Fortunately for employers we have an over-supply of unmotivated and very complacent workers that won't seriously look for better jobs.


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RE: Wage Theft

I wasn't addressing you, Bboy... we cross posted. Sorry about that.

I usually think of everything I want to say in one post... but this time, I had a footnote to add.


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RE: Wage Theft

bboy got himself all confused trying to avoid saying, "HAY".

It's easy to spell. H-A-Y. See?

"Fortunately for employers we have an over-supply of unmotivated and very complacent workers that won't seriously look for better jobs."

I listened to NPR last night. There was a segment about the joint venture between Ford and some Chinese car company at a plant in China. They interviewed one of the line workers. $2 AN HOUR! and he was thrilled to have the job!!!

Dignity, Jodi? The reality is, given the competition from these industrious Chinese, these people in the USA should be thrilled to work in the conditions they're offered.

Hay


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RE: Wage Theft

Be my guest, if you think we have no value as educated workers, aren't allowed the simple dignity offered by being valued as an employee... etc...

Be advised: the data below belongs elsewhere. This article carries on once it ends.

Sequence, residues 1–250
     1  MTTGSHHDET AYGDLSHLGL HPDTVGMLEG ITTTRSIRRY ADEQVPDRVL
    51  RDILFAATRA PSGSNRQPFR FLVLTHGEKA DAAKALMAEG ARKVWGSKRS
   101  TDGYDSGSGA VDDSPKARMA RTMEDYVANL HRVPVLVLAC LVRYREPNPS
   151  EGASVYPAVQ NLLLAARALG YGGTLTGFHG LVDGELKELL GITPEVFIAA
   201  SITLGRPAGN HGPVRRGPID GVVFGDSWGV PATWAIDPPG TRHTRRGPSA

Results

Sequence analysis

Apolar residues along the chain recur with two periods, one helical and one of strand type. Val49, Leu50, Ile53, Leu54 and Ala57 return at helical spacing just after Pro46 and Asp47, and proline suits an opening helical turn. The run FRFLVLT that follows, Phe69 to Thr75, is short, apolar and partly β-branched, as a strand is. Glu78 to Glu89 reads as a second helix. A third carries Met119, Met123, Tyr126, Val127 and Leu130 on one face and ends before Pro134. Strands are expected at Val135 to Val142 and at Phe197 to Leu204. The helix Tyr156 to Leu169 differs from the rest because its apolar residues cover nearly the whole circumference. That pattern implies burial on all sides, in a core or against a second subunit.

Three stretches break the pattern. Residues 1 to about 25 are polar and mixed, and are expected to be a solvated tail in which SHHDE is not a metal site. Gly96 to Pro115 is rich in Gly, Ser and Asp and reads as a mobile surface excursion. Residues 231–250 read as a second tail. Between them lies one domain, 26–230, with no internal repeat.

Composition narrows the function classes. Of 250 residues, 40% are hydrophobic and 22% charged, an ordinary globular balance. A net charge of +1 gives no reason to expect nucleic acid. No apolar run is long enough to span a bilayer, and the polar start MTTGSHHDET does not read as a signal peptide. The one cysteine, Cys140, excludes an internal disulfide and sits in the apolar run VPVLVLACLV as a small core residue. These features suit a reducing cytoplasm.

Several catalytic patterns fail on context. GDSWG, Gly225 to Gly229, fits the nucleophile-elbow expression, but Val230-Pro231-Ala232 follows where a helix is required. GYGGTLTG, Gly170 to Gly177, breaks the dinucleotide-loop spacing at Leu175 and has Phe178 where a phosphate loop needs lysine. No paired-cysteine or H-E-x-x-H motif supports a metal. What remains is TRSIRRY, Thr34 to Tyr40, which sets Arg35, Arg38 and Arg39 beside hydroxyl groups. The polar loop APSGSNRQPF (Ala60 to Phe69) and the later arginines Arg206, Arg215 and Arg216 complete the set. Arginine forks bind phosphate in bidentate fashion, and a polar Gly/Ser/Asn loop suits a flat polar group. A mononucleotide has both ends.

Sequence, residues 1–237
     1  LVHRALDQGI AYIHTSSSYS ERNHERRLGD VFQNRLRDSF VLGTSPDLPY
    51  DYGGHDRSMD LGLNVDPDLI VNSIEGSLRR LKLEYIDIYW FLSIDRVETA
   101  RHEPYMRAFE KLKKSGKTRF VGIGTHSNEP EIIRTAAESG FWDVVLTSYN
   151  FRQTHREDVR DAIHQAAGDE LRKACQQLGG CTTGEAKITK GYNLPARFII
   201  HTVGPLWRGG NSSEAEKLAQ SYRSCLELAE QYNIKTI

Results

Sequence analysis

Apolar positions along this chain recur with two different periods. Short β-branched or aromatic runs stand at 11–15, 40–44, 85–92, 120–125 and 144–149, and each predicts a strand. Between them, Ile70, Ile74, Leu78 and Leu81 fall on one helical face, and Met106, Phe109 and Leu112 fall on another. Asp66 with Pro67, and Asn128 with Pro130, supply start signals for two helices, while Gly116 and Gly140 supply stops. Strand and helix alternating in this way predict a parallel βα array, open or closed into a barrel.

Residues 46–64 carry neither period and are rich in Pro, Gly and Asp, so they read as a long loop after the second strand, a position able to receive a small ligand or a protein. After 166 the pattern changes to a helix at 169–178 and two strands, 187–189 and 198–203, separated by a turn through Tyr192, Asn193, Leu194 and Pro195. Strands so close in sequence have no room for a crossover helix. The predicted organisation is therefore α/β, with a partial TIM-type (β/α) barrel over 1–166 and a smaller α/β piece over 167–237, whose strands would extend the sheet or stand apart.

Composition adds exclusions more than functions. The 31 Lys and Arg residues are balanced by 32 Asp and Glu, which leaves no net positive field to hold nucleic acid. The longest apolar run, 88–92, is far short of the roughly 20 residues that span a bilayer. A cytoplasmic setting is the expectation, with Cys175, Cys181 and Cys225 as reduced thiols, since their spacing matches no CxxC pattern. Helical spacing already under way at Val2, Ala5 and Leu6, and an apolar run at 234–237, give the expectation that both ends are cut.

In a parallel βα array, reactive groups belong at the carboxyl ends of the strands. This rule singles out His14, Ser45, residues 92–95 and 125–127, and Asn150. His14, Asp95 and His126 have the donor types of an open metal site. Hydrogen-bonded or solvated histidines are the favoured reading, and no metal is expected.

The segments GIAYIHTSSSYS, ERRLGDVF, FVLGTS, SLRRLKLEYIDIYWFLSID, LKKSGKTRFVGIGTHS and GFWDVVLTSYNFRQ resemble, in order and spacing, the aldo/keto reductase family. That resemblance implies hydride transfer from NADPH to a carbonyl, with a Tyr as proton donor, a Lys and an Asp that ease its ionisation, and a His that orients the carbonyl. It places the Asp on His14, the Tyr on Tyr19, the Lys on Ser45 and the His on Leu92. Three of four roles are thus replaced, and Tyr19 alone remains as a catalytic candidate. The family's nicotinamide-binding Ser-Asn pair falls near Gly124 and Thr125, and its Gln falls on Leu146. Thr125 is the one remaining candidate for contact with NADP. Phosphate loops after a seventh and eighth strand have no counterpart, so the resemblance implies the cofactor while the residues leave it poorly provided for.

As for myself, I was taught better than that. I have worth. And I won't be exploited. I live in a first world country.


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RE: Wage Theft

For every local low skilled worker unhappy with their pay, hours and working conditions there are many more (often dozens) of equally, or better qualified workers that would be more than happy to take their place.


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RE: Wage Theft

" I have worth."

On the world market, that looks to be something less than $2 an hour. Be thankful for what you've got.

"I live in a first world country."

Be very thankful for what you've got. In a third world country you'd be in big trouble. Don't be so greedy.

Hay


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RE: Wage Theft

Greedy? I bet I live a simpler life than you just in terms of collected crap, Hay... ;-)

Where your sense of righteousness?


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RE: Wage Theft

  • Posted by bboy USDA 8 Sunset 5 WA (My Page) on
    Sat, Apr 5, 14 at 13:44

Like I said, a showcase, due to there being multiple posts from more than one overbearing, zealout-style contributor much if not most of the time.